Nomura jellyfish has plagued the seas of Japan from 2005 up to the present. The unintentional attacks brought by this kind of creatures have severed the fishing industries of the affected regions in Japan as well as the balanced food chains in the seas.
The creature is even bigger than the diver himself.
Cnidocysts are considerably the identifying character of this creature. These sac-like structures contain toxins and enzymes that poison their prey. Once the prey is paralyzed, the dead creature is sucked towards the jellyfish’s stomach called manubrium. In this area, the jellyfish sucks the nutrients of its prey via two pressuring canals in the underside of the umbrella – radial canals, and the umbrella margin or lappet – ring canal. By nature, jellyfish are carnivores feeding only on small planktons and fishes, and sometimes even on their kind.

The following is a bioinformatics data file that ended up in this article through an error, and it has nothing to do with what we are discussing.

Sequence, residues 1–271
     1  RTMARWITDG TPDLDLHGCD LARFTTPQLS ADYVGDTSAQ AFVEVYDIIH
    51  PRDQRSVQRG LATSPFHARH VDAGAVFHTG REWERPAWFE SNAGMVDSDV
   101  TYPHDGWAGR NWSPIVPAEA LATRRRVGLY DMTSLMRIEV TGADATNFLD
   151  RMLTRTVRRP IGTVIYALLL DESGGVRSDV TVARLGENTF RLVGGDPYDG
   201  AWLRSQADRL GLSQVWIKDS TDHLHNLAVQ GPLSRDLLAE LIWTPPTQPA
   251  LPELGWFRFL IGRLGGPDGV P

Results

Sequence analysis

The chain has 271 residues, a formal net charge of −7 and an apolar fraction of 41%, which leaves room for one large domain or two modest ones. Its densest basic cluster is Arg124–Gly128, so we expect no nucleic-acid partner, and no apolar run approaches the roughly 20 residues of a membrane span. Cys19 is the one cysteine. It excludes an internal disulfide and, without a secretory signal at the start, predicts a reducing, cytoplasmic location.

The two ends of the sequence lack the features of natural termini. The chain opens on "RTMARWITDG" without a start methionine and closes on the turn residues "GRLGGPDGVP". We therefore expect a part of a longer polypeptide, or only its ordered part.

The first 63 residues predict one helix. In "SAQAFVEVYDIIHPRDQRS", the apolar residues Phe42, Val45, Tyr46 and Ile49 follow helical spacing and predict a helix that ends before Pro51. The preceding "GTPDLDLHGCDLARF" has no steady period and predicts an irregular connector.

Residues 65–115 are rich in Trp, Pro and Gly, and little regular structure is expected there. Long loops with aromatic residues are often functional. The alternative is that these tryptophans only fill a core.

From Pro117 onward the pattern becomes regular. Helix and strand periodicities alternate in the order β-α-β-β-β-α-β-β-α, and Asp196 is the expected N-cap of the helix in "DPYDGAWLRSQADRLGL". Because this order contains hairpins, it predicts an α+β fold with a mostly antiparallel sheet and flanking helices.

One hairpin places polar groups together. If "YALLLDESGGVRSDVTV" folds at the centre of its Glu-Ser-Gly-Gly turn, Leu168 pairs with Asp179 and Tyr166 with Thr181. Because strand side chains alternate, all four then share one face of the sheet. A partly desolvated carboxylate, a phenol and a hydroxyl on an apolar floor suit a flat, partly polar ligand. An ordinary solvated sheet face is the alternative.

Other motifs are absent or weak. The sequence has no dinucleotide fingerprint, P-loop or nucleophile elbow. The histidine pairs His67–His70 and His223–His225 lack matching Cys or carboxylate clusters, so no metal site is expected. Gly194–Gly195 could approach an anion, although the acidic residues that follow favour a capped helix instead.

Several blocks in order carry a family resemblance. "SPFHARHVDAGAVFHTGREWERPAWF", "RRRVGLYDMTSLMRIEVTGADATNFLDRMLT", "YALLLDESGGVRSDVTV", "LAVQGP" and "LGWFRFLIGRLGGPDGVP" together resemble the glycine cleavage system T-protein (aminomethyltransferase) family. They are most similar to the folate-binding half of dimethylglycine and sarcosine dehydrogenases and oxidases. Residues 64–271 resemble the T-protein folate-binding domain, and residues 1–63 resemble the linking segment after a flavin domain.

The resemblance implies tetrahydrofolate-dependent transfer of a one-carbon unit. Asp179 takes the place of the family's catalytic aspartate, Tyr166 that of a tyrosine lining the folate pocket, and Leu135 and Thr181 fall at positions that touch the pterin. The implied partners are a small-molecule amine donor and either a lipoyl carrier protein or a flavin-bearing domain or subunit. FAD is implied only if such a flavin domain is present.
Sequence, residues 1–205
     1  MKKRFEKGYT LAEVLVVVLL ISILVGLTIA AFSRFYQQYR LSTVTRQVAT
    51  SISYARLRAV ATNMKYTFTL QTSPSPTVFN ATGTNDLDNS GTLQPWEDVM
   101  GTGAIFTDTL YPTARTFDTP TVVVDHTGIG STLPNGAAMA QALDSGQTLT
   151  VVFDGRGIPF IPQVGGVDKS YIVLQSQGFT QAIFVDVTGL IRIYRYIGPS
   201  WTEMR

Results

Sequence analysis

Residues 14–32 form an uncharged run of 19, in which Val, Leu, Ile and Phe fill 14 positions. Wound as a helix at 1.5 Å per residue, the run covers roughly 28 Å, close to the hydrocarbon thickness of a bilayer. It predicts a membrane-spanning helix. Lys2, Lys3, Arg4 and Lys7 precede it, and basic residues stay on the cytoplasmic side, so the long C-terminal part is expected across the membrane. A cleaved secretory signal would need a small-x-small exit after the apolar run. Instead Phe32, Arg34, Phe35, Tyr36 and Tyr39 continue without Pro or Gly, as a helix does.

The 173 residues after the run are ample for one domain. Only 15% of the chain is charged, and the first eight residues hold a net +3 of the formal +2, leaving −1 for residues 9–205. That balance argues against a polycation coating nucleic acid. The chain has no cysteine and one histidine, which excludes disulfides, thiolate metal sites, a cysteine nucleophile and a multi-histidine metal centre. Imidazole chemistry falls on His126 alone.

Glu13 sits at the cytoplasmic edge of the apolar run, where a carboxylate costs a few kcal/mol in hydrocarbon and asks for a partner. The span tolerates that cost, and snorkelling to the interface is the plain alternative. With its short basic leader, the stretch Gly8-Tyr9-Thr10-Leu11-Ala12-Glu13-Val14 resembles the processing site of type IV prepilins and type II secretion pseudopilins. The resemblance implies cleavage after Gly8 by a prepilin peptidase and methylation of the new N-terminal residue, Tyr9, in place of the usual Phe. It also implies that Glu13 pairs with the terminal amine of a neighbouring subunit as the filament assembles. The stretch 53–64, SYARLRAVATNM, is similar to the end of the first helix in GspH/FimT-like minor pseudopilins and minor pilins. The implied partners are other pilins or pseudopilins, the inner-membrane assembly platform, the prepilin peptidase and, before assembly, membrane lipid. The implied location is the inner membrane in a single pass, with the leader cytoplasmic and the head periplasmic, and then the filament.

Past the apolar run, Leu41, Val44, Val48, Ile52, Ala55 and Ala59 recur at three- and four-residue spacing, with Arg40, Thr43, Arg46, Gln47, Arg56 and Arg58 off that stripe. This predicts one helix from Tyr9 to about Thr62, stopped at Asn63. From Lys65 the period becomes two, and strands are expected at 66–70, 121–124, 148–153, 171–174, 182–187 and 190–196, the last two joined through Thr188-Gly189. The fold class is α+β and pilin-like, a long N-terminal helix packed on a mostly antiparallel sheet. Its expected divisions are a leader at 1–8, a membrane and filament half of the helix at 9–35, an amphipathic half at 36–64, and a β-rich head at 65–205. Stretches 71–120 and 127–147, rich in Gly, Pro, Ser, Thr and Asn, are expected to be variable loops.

Nomura’s Jellyfish often disturbs the fishing industry by decreasing the number of small fishes, destroying the fishing nets and disrupting the natural food chain of the sea due to the over consumption of zooplanktons. Two several theories have been proposed explaining the rise of these sea monsters in the Japanese waters from 2005 up to present. First, the global warming is considered the principal cause of jellyfish migration from Chinese to Japanese waters. The temperature of the water makes Japanese seawater the ideal breeding place for their kind. Second, the amount of phosphorus and nitrogen in the Japanese seas are thought to increase the potency of the breeding process among these creatures.
Fortunately, jellyfish lacks sensory organs, such as brain and internal organs, but they do possess rhopalia, which acts as the perfect alternative for the sensory nerves. Rhopalia is capable of perceiving stimuli enabling them to catch their prey through waves of water, light disturbances and odor. Nevertheless, Nomura jellyfish maybe considered harmless to humans themselves, but their overpopulation in the seas of Japan can cause a great deal of trouble not only in the fishing industries and the entire sea bodies of Japan.